Views: 4 Author: Site Editor Publish Time: 2022-04-01 Origin: Site
As the weather starts to warm up, do kids find that sweets suddenly become hard to eat? If you've ever struggled to get honey out of a jar, you know that the food is sometimes liquid and sometimes solid - why is that? Today, in this children's physical science experiments in the alpha science classroom, children will explore the properties of honey to answer this question. Why does honey crystallize? Also, this kid's science experiment activity can be sweet science fun for kids.
Alpha Science Classroom: Why does honey crystallize and are the materials needed for the experiment.
5 identical small food jars with lids
Masking tape to use as labels
Honey (If possible, buy natural honey from a local farm. Some honey will mix with other substances, which may change the results of your experiment)
Alpha science classroom: Why Does Honey Crystallize? experiment steps
Step 1: The children add a small amount of cold water to each container. Also, put one teaspoon of water in container #1, two teaspoons in container #2, three teaspoons in container #3, and four teaspoons in container #4. The fifth container will have only honey.
Step 2: The kids add 1 tablespoon of honey to each container. This is the trickiest part because honey does not like to run off the spoon easily! Using a cotton ball to oil the spoon, dip the cotton ball into the oil and gently apply it to the spoon. Next, fill the spoon with honey. Finally, push the honey off the spoon and into the container. If you need to scrape it off the spoon, use a popsicle stick so you don't feel the urge to eat the experiment
Step 3: Children use the popsicle sticks to gently mix the honey and water together in each bottle. Build a hypothesis, your best guess of what is going to happen. When you put your containers in the freezer, which one do you think will crystallize the fastest? Why?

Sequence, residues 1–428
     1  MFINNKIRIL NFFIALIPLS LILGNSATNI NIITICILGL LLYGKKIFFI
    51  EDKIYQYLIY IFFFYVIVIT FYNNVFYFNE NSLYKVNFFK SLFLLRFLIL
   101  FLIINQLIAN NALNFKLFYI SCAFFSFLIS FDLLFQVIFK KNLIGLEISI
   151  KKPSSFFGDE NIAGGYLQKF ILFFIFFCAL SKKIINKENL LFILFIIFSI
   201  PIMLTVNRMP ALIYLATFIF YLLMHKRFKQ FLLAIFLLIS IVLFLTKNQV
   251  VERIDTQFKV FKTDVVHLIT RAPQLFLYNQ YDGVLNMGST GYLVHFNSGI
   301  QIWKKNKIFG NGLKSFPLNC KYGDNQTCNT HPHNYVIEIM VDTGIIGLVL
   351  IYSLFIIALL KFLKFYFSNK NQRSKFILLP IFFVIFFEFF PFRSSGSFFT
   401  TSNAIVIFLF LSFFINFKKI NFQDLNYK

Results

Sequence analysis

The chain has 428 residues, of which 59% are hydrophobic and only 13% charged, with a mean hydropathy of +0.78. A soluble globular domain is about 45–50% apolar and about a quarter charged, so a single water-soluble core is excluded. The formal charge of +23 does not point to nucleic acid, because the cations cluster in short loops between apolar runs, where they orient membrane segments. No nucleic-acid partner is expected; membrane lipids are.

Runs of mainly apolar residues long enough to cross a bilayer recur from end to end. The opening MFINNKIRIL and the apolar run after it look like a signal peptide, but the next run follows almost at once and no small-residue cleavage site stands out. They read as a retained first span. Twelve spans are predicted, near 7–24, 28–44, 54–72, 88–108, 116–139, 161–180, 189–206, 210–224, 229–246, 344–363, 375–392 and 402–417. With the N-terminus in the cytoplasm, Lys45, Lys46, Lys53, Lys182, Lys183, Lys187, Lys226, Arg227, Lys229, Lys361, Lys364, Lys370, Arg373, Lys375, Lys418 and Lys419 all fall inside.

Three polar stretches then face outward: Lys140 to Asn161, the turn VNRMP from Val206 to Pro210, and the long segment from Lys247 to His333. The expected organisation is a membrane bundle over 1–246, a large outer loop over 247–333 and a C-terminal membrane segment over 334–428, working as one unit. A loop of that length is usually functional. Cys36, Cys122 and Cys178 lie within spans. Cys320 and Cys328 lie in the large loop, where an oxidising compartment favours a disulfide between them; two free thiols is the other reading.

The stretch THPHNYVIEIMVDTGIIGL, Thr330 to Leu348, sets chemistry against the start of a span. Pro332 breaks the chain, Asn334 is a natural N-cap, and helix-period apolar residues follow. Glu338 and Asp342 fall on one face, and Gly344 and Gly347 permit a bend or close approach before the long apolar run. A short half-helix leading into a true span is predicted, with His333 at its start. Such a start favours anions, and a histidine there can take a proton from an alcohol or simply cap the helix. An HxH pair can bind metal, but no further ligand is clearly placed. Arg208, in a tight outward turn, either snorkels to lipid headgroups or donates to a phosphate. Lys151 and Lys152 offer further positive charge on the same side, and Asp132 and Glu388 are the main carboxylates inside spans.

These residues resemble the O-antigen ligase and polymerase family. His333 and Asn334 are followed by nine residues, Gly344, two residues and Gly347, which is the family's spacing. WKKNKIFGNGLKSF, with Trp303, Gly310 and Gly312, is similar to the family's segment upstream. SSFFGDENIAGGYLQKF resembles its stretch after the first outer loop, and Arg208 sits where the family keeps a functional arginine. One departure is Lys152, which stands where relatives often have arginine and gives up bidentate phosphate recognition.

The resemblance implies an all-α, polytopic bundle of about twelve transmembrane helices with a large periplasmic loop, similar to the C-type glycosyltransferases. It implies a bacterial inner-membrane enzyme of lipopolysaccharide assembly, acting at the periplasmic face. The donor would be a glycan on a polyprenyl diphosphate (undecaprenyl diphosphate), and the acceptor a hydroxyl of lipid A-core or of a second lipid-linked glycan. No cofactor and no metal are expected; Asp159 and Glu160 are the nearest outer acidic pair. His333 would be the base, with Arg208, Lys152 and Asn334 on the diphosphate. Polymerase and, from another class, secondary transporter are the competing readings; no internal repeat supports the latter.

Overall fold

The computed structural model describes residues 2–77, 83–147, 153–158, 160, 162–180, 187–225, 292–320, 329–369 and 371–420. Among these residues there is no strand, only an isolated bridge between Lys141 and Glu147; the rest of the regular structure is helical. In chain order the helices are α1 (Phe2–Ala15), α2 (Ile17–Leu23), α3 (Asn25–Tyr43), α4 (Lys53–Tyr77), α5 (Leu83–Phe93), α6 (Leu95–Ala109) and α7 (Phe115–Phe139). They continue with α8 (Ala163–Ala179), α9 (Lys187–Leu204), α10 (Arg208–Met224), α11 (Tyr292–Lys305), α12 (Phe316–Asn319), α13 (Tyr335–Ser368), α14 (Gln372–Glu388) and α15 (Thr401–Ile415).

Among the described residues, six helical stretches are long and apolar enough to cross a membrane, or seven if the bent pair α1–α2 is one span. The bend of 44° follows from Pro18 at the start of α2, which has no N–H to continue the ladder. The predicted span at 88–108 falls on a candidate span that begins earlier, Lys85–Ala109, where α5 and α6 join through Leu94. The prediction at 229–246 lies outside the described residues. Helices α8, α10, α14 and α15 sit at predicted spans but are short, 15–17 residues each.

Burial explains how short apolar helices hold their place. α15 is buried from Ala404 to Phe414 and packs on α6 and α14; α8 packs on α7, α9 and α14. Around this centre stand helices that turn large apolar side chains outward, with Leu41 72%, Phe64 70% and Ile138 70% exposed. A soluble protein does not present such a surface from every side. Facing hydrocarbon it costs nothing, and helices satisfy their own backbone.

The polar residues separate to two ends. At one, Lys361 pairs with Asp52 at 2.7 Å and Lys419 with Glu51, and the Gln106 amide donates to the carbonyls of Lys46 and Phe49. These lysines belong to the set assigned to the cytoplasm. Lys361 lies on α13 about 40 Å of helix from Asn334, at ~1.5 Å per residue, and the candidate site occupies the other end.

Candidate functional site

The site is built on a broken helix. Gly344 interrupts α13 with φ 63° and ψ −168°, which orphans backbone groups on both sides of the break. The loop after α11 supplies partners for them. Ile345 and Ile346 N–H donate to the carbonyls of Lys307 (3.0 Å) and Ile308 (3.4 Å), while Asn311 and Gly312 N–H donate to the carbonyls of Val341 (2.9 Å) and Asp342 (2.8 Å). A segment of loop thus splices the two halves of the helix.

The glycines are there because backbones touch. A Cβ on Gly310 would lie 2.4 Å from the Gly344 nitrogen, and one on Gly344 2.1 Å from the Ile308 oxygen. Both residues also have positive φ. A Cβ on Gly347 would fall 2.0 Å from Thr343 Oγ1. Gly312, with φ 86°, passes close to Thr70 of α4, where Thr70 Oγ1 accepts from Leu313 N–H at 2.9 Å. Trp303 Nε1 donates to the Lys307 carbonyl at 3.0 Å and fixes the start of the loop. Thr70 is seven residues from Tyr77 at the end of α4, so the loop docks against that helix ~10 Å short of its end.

Step 4: Children create a chart to track their findings. The chart will have five rows. On the left side of each row, place the number of the jar. Start with jar 1 at the top and work your way to jar 5 at the bottom. at the top of the chart, place the times. The first time is 2 minutes, the second is 4 minutes, and so on. When you first see the crystals forming, you will place an X under the time. on the side of the chart, create an area for recording. Here you will note the temperature at which each jar of honey began to crystallize.
Step 5: Children place all jars in the refrigerator and set a timer. 2 minutes later, look at the jars and check them for signs of crystallization. The honey may look rough or cloudy. Keep an eye on the jars, but try not to handle them as the heat from your hands will change the way the honey crystallizes.
Step 6: Children continue to check the jars every 2 minutes. If you see crystals forming, place a thermometer in the honey and record the temperature on a chart.
Alpha science classroom: Why Does Honey Crystallize?Scientific Principles
When we think of crystals, we usually think of precious jewels - but the truth is that many things crystallize. In fact, salt and sugar are both crystals.
When you stir salt into water, it looks like it disappears, but in reality, it's still there; it's just dissolved in the water. Let that water dry and the salt crystals will be left behind. Just like saltwater, honey is a solution, which means that the pieces of sugar are distributed in the liquid. When honey crystallizes, the honey molecules scattered throughout the liquid come together to form solid crystals. The more solutes dissolved in the solution, the faster the solution will crystallize as it cools. Mixing more water into the solution will cause it to crystallize more slowly.
The amount of heat also changes the rate of crystal formation. Each solution has a temperature at which the solids will diffuse through the liquid. In the case of honey, this is approximately room temperature.
There is more to honey than just sugar and water! Raw honey contains many different nutrients and may even contain bits of pollen. Some honey is nectar collected by bees from specific flowers, such as alfalfa, while others are a mixture of different nectar sources. Try this experiment again, using honey from different flower nectars. Does the flower make a difference when it comes to the crystallization of honey? Why? Is the nectar from some flowers sweeter than others?
The children found out after the experiment that honey without water will crystallize first, which is because of the sugar, I believe the children found the answer in this physical science experiment for children. Still okay? Want to solve more mysteries in the kitchen, you can pay more attention to us, try more kid's science experiment activities, solve more scientific mysteries, and become the smartest scientists.
alpha science toys also have a children's physical science experiment kit for kids to help them explore the mysteries of physics knowledge and help them grow up to be the Newtons of the future.